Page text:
terms of the injunction, typewritten in their entirety except for the words we italicize here, concluded. "This injunction is to be continued until March 3, 1980 at which time the court will determine the amount of bond to be filed." [Note 4] This sentence reflects, claim the tenants, the motion judge's postponing until March 3, 1980, a determination as to whether and in what amount a bond would be required. The landlord claims that by its terms the injunction makes clear that a bond would indeed be required but that the determination of amount was delayed until March 3, 1980, to allow the landlord to obtain the December, 1979, consumer price index from which to compute his claimed damages. The landlord, pursuant to Mass. R. A. P. 8 (e), as appearing in 378 Mass. 934 (1979), petitioned a single justice to direct the lower court to certify and to transmit to this court a supplemental record of what transpired at the November 20 hearing. This petition was opposed by the tenants and was denied by the single justice. We think that the terms of the injunction and Mass. R. Civ. P. 65 (c), 365 Mass. 832 (1974), make it quite clear that a bond would be required. We therefore consider the tenants' challenge to be directed at the amount of the bond.
Before the March 3, 1980, hearing the landlord filed a motion to dissolve the injunction or in the alternative to require a bond. At the hearing on March 3, 1980, the judge continued the injunction by the following notation handwritten in the margin of the landlord's proposed motion: "After a hearing, [b]ond set in amount of $60,000 [t]o be posted by 3/12/80 or injunction dissolved." The tenants obtained the bond and brought this appeal, claiming that the amount of the bond was established at $60,000, with no evidence to support such a figure, in order to secure the landlord's asserted claim to approximately $60,000 in unpaid
rent. The tenants question the power of the motion judge to use an injunction bond to secure a subsequent judgment on the merits. As the tenants characterize the issue presented it is whether, having only evidence of the principal claim of the party enjoined, the judge can condition the continuation of the injunction on the posting of security in the amount of this principal claim.
The landlord, although asserting that the claim for unpaid rent is a proper measure to determine the amount of the bond, challenges the availability of appellate review. The landlord questions whether this appeal falls within the "narrow exception to our more general policy that interlocutory rulings may not be presented piecemeal" created by G. L. c. 231, Section 118, second par. Packaging Indus. Group, Inc. v. Cheney, 380 Mass. 609 , 612 (1980). We conclude that G. L. c. 231, Section 118, does not authorize this interlocutory appeal.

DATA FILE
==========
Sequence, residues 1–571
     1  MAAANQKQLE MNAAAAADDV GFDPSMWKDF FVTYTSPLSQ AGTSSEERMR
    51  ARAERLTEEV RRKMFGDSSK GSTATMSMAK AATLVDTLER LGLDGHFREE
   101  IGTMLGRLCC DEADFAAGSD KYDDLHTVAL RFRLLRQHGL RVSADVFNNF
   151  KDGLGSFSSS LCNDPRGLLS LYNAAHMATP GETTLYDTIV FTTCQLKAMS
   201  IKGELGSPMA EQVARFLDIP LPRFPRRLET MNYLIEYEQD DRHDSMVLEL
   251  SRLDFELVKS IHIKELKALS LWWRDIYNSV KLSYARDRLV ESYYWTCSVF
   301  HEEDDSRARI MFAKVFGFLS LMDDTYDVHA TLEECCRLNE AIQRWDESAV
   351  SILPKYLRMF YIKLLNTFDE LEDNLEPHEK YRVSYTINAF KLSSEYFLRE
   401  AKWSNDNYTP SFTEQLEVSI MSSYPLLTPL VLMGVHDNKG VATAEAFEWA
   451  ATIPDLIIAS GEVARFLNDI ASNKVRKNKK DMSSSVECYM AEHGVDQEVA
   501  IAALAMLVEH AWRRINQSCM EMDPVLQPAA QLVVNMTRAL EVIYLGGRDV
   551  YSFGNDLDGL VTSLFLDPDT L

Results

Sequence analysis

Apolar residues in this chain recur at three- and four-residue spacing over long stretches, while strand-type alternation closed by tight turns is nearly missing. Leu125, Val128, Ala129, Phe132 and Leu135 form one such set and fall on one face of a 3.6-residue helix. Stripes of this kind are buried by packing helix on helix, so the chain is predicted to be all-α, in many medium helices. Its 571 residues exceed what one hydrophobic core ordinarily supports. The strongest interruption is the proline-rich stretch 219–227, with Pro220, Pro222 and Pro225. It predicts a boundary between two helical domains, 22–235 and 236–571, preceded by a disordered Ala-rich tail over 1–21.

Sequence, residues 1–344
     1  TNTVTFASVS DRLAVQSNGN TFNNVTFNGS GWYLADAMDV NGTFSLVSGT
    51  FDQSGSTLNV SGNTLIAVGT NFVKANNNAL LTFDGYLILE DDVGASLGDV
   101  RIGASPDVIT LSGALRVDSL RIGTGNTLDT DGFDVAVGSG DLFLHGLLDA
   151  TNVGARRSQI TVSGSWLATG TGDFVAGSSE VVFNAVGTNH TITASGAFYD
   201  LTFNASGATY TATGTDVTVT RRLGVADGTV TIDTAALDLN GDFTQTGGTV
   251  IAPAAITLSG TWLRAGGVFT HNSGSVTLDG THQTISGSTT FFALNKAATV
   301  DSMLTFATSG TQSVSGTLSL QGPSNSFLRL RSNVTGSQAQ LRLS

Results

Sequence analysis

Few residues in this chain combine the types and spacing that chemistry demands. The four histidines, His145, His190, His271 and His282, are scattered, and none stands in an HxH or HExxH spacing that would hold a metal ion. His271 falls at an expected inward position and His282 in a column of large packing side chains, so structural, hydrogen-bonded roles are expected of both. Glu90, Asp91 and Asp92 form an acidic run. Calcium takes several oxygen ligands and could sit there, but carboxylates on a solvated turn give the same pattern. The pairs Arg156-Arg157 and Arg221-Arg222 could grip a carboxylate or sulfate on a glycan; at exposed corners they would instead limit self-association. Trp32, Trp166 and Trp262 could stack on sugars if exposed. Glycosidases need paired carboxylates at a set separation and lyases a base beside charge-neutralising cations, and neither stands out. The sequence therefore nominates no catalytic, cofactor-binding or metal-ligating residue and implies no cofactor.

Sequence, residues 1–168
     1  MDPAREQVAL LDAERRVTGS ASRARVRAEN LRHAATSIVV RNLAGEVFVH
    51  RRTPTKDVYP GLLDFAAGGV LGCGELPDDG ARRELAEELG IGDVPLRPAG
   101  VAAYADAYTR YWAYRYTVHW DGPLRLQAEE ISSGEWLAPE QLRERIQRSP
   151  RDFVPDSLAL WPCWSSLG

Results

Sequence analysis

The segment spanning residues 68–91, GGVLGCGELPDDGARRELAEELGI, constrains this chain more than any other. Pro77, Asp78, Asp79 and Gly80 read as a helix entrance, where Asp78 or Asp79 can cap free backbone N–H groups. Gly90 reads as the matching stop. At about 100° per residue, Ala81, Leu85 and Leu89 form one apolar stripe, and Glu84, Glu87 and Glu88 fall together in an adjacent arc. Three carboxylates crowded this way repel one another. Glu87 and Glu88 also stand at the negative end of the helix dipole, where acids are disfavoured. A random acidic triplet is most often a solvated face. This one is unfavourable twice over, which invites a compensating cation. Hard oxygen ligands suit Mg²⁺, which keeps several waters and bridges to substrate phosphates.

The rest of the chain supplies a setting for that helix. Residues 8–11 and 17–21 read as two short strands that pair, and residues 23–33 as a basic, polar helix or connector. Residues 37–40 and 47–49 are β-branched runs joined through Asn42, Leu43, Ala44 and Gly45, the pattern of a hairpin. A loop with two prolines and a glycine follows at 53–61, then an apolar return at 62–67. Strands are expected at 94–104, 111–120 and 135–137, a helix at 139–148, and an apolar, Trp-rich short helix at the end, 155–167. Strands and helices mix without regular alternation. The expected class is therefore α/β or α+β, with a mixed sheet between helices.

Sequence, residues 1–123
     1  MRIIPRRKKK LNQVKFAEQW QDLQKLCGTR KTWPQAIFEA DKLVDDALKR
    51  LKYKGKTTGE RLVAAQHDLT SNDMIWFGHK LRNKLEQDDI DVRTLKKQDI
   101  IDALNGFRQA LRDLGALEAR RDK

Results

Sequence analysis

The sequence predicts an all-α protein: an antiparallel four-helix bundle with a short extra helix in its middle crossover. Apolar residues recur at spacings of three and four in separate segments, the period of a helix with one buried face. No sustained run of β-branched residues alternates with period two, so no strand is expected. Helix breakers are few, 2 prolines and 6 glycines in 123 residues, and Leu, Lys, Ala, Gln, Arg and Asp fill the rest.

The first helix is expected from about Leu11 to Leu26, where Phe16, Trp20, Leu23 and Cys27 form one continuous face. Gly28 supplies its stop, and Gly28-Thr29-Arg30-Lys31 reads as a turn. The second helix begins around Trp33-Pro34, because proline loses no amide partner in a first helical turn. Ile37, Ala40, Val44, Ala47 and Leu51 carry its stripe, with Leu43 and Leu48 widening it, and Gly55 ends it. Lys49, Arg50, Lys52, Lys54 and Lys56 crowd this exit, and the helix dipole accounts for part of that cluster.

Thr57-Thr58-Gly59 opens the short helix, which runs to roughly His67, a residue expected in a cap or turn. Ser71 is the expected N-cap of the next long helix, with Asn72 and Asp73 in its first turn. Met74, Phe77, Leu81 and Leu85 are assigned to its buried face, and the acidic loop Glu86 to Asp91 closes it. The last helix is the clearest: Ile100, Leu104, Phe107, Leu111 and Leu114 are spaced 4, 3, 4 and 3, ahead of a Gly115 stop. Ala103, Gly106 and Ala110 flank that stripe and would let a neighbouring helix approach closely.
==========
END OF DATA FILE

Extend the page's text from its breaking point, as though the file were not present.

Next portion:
General Laws c. 231, Section 118, second par., as appearing in St. 1977, c. 405, provides that "[a] party aggrieved by an interlocutory order of a justice of the superior court . . . granting, continuing, modifying, refusing or dissolving a preliminary injunction, or refusing to dissolve a preliminary injunction may appeal therefrom" to the Appeals Court or, subject to G. L. c. 211, Section 10, to this court. Prior to the inclusion of this language in Section 118, parties were not entitled to interlocutory appeals as of right from orders granting or denying preliminary injunctions. Before the enactment of G. L. c. 231, Section 118, second par., we held that adoption of Mass. R. Civ. P. 65, 365 Mass. 832 (1974), did not incorporate "wholly statutory" Federal practice, see 28 U.S.C. Section 1292(a)(1) (1976), [Note 5] permitting interlocutory appeals as of right from orders granting or denying injunctive relief. Foreign Auto Imports, Inc. v. Renault Northeast, Inc., 367 Mass. 464 , 468 (1975). Following our decision in Foreign